Patrick J. Reilly, president of The Cardinal Newman Society, released the following statement today in response to the “guidance” issued by the U.S. Department of Education attempting to force schools to abandon safe, responsible policies according to students’ biological sex:
“The Obama administration can try to change federal policy but not Catholic teaching, which rejects the separation of ‘gender’ from biological sex. This was reaffirmed by Pope Francis, who laments the falsehood of ‘gender ideology’: ‘It is one thing to be understanding of human weakness and the complexities of life, and another to accept ideologies that attempt to sunder what are inseparable aspects of reality. Let us not fall into the sin of trying to replace the Creator.’
“Therefore, nothing changes today for Catholic schools: they must continue to provide compassionate care and support for all students struggling with gender identity confusion, and they must hold fast to safe, responsible policies according to students’ biological sex.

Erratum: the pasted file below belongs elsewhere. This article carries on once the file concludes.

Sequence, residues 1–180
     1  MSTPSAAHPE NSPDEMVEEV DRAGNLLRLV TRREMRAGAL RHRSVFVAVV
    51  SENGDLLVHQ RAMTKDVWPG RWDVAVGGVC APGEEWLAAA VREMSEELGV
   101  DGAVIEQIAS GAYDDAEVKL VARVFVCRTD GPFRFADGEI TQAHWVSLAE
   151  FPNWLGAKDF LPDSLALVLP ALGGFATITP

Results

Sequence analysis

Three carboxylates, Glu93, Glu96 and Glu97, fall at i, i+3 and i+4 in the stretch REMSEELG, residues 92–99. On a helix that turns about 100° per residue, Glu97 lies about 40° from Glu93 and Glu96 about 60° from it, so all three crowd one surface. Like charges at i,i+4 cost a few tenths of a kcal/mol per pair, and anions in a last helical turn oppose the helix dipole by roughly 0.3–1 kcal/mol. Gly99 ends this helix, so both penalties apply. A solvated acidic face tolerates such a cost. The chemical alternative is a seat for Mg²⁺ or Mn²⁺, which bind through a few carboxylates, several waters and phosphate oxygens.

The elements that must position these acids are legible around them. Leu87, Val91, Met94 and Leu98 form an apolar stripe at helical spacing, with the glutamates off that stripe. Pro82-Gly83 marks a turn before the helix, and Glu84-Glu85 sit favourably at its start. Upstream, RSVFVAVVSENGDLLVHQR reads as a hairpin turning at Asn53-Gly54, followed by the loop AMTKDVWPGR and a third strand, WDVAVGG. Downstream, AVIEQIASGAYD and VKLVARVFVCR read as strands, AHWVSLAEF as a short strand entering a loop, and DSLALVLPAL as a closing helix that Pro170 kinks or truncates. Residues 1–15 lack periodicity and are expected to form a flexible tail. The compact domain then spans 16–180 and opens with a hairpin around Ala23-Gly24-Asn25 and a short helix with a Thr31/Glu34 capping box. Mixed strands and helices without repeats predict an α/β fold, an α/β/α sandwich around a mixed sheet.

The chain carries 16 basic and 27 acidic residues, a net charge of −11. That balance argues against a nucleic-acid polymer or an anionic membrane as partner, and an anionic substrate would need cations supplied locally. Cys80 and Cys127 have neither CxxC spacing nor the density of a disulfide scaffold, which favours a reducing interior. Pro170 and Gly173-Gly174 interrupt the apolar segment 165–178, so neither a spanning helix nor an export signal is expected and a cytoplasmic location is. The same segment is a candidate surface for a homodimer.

“Title IX regulations don’t affect many Catholic schools. Those that participate in certain Elementary and Secondary Education Act (ESEA) programs aren’t under Title IX restrictions. And Title IX allows a religious exemption, so schools and colleges that do get federal support should work with legal counsel, such as Alliance Defending Freedom, to apply for such exemptions right away. The greater danger to Catholic schools is posed by the employment discrimination rules under Title VII, which is what the Obama administration is using against North Carolina.
“Regardless of state and federal attempts at social engineering, we urge Catholic schools to implement human sexuality policies that will protect their Catholic identity and help lead students to the truth in Christ.”
- See more at: http://www.cardinalnewmansociety.org/CatholicEducationDaily/DetailsPage/tabid/102/ArticleID/4899/Newman-Society-Responds-to-Obama-Administration%E2%80%99s-%E2%80%98Guidance%E2%80%99-on-Gender-Identity.aspx#sthash.HtfxHOtZ.dpuf